When airports were young, and terminal buildings younger, there was an experiment with airport terminals being built in the centre of London.
Not next to the runways, obviously, but it was at the time thought wise to check in your luggage and do the necessary legals in the centre of town, then catch a dedicated bus to London Airport.
The earliest of these central terminals was at Waterloo station, which operated between 1953-57, but it was to be replaced with a giant of a terminal building, in Kensington.
This was the West London Air Terminal, and parts of it still exist, as a branch of Sainsburys.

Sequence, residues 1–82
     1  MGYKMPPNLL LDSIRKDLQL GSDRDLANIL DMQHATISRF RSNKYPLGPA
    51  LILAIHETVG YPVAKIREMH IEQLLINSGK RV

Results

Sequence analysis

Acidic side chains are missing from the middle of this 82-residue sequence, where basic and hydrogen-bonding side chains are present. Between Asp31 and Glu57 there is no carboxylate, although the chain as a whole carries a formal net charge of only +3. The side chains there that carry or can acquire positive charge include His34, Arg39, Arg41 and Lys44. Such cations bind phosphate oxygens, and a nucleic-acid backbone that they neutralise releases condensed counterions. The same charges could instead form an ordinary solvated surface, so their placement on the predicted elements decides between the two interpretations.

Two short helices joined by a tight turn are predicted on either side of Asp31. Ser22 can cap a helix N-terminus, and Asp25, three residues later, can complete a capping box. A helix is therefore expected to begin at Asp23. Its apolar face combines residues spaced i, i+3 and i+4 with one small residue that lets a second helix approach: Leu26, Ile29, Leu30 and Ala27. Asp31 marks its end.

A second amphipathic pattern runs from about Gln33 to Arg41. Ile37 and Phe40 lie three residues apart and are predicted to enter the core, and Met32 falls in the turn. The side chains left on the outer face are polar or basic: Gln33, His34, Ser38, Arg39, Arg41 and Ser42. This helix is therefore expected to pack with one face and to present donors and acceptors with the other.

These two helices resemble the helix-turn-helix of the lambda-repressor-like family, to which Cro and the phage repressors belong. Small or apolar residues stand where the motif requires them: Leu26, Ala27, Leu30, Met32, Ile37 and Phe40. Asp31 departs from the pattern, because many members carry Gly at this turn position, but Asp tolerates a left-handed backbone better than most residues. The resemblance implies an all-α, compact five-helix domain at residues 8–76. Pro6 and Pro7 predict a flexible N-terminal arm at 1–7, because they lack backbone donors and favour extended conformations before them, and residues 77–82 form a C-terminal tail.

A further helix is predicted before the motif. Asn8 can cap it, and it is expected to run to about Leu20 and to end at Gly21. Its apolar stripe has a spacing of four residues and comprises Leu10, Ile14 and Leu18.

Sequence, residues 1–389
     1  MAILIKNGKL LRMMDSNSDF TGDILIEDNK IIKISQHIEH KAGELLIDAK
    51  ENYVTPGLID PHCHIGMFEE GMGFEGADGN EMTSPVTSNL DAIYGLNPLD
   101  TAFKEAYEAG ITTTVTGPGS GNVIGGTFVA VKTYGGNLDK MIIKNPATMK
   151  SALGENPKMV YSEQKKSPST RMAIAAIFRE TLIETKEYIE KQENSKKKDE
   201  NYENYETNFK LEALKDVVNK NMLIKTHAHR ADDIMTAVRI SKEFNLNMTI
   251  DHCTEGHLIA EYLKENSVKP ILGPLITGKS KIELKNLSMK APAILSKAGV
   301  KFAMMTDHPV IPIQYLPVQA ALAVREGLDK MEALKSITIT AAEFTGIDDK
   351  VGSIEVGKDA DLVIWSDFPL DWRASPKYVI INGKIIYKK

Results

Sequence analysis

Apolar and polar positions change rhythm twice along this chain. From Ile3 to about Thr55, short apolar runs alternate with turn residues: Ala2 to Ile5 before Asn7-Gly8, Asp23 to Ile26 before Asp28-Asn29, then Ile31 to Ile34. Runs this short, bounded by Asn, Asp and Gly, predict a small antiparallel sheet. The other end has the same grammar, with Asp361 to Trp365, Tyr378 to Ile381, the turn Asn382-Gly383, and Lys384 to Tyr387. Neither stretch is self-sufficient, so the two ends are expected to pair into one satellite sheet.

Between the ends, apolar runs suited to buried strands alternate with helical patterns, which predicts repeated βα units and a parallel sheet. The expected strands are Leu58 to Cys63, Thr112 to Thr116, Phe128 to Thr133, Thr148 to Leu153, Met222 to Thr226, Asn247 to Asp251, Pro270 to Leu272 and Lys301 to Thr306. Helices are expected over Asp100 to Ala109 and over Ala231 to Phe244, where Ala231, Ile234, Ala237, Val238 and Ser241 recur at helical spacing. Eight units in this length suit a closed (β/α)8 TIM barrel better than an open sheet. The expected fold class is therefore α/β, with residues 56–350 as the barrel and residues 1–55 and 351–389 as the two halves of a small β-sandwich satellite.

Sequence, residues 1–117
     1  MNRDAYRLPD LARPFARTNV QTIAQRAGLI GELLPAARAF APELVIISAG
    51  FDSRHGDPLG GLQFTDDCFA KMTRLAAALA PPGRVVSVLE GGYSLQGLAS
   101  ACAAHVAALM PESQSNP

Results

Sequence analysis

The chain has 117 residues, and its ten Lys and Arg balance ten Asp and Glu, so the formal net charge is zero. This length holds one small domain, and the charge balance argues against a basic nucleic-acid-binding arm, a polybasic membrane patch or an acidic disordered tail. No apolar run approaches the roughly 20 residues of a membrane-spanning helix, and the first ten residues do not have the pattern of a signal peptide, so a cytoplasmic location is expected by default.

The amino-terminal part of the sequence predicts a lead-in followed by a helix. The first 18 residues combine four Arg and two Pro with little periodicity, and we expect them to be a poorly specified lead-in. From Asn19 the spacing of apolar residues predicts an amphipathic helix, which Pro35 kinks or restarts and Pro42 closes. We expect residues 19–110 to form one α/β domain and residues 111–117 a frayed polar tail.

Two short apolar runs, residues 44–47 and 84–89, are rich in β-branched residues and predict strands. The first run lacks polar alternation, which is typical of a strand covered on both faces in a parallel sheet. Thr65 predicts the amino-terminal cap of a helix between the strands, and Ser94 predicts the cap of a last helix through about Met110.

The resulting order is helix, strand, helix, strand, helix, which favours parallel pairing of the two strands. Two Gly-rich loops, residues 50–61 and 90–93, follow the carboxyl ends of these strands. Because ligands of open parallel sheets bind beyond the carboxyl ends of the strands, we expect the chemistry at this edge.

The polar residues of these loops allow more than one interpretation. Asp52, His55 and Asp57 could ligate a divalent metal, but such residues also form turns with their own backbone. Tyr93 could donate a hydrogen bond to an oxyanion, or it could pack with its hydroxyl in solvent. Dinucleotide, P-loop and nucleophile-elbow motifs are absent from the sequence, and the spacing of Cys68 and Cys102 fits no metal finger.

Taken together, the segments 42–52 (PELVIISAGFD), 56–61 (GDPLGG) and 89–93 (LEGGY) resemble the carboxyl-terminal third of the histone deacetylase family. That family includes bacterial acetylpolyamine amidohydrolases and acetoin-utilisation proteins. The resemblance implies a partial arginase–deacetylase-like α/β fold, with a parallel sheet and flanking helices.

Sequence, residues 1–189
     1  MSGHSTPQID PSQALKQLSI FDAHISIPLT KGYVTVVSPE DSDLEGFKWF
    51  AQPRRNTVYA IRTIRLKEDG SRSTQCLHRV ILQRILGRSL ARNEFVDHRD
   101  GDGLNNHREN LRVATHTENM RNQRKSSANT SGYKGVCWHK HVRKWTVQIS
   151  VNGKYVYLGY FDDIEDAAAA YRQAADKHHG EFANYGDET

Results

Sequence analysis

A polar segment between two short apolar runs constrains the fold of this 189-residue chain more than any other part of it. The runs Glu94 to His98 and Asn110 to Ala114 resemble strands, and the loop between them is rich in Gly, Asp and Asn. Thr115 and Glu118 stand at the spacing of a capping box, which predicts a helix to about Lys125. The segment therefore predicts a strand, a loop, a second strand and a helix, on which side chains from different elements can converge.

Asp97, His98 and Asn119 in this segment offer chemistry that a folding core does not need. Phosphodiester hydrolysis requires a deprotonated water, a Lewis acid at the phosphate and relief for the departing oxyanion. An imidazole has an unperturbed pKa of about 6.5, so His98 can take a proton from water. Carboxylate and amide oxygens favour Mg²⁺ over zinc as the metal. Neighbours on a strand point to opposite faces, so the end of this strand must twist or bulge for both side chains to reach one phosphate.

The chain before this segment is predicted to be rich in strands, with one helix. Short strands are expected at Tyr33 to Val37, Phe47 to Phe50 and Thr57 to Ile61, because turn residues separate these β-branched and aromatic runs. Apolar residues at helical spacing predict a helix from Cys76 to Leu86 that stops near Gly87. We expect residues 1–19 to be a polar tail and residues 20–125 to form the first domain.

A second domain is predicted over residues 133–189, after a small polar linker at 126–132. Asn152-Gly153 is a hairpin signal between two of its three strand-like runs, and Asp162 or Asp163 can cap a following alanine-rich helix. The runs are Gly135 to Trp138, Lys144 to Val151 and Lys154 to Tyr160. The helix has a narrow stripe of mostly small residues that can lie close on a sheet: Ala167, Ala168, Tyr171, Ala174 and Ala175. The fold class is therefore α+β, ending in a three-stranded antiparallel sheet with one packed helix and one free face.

As a terminal building — albeit a long way from the airport — it still offered all the facilities you would expect, from baggage check-in, the luggage carousel, passport control, and probably tax-free shopping.
They had managed to linger long enough though for a series of model buses to be made, including the trailer. They even appeared in a few films and TV shows of the time, showing off how advanced London is as a city.
What killed it off was in part the extension of the Piccadilly line to Heathrow two years earlier, in 1977, and changing expectations by the passengers themselves, who preferred to make their own way to the airport and check-in there.
And sadly, no more Routemaster buses with luggage trailers.